Labral Tear Surgery and SLAP Repair Overview
The labrum is a “c” shaped rim of cartilage that lines and reinforces the shoulder’s ball and socket joint and serves as the attachment site for numerous ligaments, tendons and muscles. When a tear to the labrum occurs, such as a SLAP (Superior Labrum from Anterior to Posterior) tear, patients will experience aching pain and difficulty performing normal shoulder functions. Dr. Jervis Yau, orthopedic shoulder surgeon, offers arthroscopic labral tear surgery, including surgical SLAP repair, to patients living in the Santa Barbara, Goleta, Santa Maria and Ventura, California area who have experienced a torn labrum.
What is a SLAP Tear?
A SLAP tear refers to a specific type of labral tear in the shoulder joint that is located at the top of the glenoid (shoulder socket) and involves the attachment site of the biceps tendon. This labral injury can occur as a result of trauma, dislocation, repetitive overhead use and normal wear associated with aging.
What is a Labral Tear?
A labral tear is common in the active population. Injuries to the tissue rim surrounding the shoulder socket typically occurs during a fall onto an outstretched arm, direct impact to the joint, a sudden pull or a violent overhead reach. Many weight lifters and throwing athletes experience a torn labrum as a result of repetitive shoulder motions.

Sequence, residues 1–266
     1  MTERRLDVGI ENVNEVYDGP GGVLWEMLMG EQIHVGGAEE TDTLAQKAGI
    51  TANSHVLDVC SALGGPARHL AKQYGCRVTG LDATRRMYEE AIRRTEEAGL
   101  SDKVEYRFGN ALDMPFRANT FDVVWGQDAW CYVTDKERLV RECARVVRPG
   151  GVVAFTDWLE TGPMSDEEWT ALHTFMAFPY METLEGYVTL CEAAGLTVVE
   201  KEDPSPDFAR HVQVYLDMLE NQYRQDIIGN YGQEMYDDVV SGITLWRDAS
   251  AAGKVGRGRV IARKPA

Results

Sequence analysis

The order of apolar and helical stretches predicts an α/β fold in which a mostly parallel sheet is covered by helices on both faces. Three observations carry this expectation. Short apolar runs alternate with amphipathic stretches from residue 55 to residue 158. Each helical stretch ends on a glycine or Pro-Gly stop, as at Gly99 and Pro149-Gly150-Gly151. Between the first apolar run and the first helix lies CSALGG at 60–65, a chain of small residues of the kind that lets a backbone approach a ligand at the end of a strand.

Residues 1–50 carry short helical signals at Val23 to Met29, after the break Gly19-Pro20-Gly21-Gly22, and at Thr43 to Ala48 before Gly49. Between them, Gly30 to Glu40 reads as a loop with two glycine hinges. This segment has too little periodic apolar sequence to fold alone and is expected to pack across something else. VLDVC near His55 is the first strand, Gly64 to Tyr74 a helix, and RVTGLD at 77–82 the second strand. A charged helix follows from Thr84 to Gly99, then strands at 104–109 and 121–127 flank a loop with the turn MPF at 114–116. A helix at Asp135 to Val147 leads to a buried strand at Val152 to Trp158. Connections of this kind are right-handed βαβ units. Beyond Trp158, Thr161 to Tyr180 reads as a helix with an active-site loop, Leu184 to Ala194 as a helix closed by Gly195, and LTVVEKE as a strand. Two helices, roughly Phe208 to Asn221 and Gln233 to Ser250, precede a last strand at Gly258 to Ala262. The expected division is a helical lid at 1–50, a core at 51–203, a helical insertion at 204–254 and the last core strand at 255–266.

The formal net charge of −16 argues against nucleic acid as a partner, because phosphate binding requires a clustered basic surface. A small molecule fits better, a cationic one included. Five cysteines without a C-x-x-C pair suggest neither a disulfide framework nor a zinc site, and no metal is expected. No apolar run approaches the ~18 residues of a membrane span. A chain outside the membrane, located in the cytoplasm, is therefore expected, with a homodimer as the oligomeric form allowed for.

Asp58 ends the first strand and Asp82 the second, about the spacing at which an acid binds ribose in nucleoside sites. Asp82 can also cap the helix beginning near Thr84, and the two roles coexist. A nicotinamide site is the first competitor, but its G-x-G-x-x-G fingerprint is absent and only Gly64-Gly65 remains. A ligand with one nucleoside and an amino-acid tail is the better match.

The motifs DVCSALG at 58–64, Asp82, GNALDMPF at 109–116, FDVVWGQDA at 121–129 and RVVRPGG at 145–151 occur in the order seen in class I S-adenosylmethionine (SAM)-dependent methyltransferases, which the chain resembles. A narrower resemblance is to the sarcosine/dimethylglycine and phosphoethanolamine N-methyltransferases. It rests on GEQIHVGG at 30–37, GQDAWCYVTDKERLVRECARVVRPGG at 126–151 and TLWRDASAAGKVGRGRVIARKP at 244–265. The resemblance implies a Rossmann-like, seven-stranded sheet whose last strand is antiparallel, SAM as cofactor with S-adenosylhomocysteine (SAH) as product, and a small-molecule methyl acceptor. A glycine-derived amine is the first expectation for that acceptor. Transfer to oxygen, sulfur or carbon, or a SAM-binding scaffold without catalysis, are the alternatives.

How are SLAP and Labral Tears Treated?
Following an acute labral or SLAP tear, most patients are treated without surgery through rest, ice, anti-inflammatory medications and physical therapy to facilitate healthy healing of the damaged tissue.
Shoulder arthroscopy labral tear repair is reserved for patients who fail conservative treatment or the tear is too severe that it leads to instability. The three common surgical options are:
- Debridement: removal of loose fragments of torn labrum using an arthroscopic approach. This option is only suitable for stable SLAP lesions that do not involve the biceps tendon.
- SLAP Repair: A SLAP repair uses anchors with attached sutures to secure the torn labrum to the glenoid. A SLAP repair is the most common procedure performed for symptomatic SLAP lesions and is typically reserved for young patients with an otherwise healthy shoulder.
- Biceps tenodesis: The biceps tendon is surgically transferred from where it attaches at the superior labrum to the proximal humerus in order to decrease strain on the superior labrum.